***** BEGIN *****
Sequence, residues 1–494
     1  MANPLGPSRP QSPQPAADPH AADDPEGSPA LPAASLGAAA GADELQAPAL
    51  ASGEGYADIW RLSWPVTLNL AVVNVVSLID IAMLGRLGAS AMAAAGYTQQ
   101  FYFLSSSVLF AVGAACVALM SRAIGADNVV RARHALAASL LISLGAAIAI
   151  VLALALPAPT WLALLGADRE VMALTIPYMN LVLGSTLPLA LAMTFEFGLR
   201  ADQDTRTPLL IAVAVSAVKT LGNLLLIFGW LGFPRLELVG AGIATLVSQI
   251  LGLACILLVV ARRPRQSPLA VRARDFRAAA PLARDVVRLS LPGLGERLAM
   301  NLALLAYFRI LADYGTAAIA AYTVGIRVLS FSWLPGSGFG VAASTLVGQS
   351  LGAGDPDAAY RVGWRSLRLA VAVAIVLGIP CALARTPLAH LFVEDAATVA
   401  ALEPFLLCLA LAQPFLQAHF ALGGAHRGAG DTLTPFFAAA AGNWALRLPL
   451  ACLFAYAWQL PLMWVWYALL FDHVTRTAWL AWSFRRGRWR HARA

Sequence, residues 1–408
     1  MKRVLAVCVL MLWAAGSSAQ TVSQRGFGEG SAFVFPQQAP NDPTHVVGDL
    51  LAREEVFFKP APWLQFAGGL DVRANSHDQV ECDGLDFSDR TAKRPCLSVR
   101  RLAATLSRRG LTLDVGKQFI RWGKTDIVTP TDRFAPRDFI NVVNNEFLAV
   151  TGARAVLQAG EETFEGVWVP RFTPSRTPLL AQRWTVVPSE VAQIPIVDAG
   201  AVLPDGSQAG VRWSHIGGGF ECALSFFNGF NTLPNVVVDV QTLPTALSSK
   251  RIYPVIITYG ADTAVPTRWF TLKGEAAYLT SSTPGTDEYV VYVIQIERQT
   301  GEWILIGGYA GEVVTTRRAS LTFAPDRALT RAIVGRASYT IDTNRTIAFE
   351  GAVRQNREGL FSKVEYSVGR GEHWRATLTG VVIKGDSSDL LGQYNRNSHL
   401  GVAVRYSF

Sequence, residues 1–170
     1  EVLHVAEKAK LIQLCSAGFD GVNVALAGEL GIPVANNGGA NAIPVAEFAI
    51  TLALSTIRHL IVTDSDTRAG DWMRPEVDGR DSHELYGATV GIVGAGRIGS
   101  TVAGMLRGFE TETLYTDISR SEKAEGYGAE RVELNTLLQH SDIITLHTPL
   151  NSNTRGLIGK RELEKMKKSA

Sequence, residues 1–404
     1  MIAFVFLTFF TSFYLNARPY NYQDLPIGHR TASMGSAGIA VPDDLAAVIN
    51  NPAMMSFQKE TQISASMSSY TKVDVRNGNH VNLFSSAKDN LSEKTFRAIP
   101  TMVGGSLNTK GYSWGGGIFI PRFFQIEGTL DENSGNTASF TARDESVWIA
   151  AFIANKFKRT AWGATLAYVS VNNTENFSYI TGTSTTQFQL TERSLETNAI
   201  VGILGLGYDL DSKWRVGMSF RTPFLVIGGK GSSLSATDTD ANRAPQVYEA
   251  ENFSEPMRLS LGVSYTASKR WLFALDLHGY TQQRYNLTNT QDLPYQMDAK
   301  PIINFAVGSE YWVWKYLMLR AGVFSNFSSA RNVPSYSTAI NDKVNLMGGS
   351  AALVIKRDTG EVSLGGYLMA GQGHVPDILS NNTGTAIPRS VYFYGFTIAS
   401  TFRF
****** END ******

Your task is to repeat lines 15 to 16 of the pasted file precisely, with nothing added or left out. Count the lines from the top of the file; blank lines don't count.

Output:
   101  RLAATLSRRG LTLDVGKQFI RWGKTDIVTP TDRFAPRDFI NVVNNEFLAV
   151  TGARAVLQAG EETFEGVWVP RFTPSRTPLL AQRWTVVPSE VAQIPIVDAG